Founded around the time that Florida was ceded to the United States, this is one of the oldest cemeteries in central Florida.
The town of Micanopy was settled at the start of the 1820s on the location of an early Indian community that the American naturalist William Bartram visited around 1774. Florida became part of the US in 1821 and what would become Micanopy Cemetery was likely established about the same time. The oldest marker with a visible date on it is dated 1826. The Micanopy Historic Cemetery Association considers that to be the date of its establishment though it’s possible that burials began earlier.
It’s believed that the cemetery was founded by a H. Lucious Montgomery Sr., a Micanopy doctor. Later, in 1897, the cemetery land was deeded to the cemetery trustees in 1897 by Dr. and Mrs. Lucious Montgomery. In 1905, the trustees turned over the deed to the town and created the Micanopy Cemetery Association. Today it’s named the Micanopy Historic Cemetery Association and they remain active in tending to the cemetery.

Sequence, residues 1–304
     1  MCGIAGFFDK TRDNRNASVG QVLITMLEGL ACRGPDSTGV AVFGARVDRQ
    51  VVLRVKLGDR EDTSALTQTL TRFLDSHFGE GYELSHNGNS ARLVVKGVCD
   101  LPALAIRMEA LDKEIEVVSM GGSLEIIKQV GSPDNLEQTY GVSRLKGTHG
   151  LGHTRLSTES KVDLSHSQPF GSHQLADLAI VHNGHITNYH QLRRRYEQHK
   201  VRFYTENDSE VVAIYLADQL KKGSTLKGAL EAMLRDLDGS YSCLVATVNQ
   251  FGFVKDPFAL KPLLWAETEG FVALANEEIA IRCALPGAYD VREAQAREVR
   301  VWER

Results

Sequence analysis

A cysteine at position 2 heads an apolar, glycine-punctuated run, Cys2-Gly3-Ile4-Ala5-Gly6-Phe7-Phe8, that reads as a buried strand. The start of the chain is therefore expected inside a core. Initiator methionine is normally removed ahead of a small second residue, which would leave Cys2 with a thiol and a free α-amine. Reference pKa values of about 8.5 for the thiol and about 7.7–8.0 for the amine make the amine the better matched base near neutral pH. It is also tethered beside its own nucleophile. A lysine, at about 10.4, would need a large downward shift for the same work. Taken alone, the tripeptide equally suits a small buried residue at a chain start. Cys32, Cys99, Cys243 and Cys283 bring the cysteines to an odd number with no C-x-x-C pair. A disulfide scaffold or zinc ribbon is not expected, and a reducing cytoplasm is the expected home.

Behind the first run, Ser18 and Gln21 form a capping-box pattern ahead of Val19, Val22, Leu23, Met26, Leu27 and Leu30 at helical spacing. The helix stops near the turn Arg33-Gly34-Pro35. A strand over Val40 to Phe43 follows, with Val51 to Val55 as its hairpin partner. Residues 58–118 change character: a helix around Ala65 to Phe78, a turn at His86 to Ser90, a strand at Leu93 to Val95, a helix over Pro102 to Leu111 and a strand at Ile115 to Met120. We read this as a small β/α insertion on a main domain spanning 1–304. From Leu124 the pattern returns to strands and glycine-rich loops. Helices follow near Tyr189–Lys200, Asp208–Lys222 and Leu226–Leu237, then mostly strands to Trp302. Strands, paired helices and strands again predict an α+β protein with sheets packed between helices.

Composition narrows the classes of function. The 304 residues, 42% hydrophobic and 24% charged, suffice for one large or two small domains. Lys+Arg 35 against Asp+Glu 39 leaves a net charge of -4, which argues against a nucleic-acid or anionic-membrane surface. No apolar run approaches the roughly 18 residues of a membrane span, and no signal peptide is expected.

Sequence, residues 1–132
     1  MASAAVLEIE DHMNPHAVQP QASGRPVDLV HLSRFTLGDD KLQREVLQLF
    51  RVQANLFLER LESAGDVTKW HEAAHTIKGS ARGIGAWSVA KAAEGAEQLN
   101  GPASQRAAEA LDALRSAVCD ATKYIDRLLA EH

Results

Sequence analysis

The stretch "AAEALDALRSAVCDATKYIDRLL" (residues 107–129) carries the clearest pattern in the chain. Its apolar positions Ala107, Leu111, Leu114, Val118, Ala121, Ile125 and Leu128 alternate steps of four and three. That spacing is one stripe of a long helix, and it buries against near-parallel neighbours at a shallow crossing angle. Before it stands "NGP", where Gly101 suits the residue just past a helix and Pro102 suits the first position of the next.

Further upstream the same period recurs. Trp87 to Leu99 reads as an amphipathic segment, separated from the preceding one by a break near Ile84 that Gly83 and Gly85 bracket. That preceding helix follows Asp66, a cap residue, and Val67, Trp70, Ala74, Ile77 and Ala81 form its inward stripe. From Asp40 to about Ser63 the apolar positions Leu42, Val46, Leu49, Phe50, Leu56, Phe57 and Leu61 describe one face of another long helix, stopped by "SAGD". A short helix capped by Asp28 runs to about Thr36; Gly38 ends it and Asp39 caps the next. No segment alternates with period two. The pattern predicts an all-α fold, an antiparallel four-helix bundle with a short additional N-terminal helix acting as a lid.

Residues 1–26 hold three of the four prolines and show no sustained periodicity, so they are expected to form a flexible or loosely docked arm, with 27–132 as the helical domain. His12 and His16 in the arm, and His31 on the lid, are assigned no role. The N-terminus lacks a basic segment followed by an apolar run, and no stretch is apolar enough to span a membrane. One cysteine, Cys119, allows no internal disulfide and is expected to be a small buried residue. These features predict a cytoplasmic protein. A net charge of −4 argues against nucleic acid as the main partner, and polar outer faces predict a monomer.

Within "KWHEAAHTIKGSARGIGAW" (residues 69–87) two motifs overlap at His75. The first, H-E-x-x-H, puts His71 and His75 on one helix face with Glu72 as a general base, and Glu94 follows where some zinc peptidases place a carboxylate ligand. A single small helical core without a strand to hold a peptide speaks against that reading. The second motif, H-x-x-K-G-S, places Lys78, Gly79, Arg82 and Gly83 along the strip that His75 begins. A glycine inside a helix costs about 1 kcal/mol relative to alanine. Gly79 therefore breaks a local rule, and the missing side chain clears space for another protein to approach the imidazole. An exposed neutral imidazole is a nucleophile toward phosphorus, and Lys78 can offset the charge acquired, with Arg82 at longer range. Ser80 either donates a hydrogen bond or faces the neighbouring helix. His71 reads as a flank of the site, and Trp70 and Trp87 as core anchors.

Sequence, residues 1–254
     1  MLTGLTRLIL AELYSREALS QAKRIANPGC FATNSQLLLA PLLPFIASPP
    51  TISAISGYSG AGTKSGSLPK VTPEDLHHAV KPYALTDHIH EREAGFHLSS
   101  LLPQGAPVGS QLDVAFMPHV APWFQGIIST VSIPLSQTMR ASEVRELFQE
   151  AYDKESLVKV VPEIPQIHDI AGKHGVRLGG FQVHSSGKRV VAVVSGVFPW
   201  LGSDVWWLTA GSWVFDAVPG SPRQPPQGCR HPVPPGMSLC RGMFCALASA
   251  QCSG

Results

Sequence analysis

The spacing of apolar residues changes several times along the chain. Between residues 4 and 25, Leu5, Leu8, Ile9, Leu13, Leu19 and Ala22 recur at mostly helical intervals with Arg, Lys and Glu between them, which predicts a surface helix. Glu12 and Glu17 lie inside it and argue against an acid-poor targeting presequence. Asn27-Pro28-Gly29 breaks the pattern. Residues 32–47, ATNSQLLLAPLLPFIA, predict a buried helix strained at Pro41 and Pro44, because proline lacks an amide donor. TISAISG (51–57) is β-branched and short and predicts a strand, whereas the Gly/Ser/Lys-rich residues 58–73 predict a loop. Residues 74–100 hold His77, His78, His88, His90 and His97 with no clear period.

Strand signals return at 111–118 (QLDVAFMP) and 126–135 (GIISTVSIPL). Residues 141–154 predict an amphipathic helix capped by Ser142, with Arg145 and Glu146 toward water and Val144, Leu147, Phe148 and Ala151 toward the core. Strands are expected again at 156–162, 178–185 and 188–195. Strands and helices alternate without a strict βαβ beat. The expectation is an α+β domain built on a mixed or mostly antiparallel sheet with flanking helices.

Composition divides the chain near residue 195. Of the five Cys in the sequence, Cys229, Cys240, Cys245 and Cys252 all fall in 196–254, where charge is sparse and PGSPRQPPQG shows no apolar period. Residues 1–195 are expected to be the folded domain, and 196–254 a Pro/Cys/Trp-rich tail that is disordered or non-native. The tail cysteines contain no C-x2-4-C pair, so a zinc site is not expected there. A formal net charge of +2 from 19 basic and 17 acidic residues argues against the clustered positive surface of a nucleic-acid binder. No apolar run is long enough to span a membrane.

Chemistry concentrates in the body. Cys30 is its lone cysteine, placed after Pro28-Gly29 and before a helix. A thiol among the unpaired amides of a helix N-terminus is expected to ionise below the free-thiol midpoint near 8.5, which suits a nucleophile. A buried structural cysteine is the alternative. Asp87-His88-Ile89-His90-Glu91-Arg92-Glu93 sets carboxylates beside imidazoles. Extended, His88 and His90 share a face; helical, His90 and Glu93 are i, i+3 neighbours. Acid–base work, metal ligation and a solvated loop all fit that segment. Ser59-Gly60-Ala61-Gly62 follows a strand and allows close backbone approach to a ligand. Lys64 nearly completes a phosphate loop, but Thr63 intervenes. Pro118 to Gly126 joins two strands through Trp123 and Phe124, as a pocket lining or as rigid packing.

The town and cemetery have been through many periods of conflict. There were multiple skirmishes between the Seminoles and the US Army who was driving the Seminoles from the Florida Territory. In conducting the Second Seminole War (1835–1842), the Army drove the Seminoles south into the Everglades or rounded them up and forced them to march to what is today Oklahoma.
During the war, Fort Defiance (1835–1836) and Fort Micanopy (1837–1843) were established in the area though it’s unclear as to where they were located, as they were temporary wooden structures. Archeological research has shown that the Battle of Welika Pond (1836) was fought on adjacent property to the cemetery.
During the US Civil War, the Confederacy took away the few young men in the area, while some of the older men joined the 1st Florida Special Cavalry Battalion (informally known as the Cow Cavalry) for the run of the war. Several of the veterans of the Civil War are buried in the center along with other veterans from later wars.
There are about 2000 interments in the cemetery, some of which are unmarked. As of 2020, the small cemetery is nearly out of room for new burials. The Micanopy Historic Cemetery Association has hopes to expand but part of the available land is where the Battle of Welika Pond was fought.
The Micanopy Historical Cemetery was added to the National Register of Historic Places in 1983.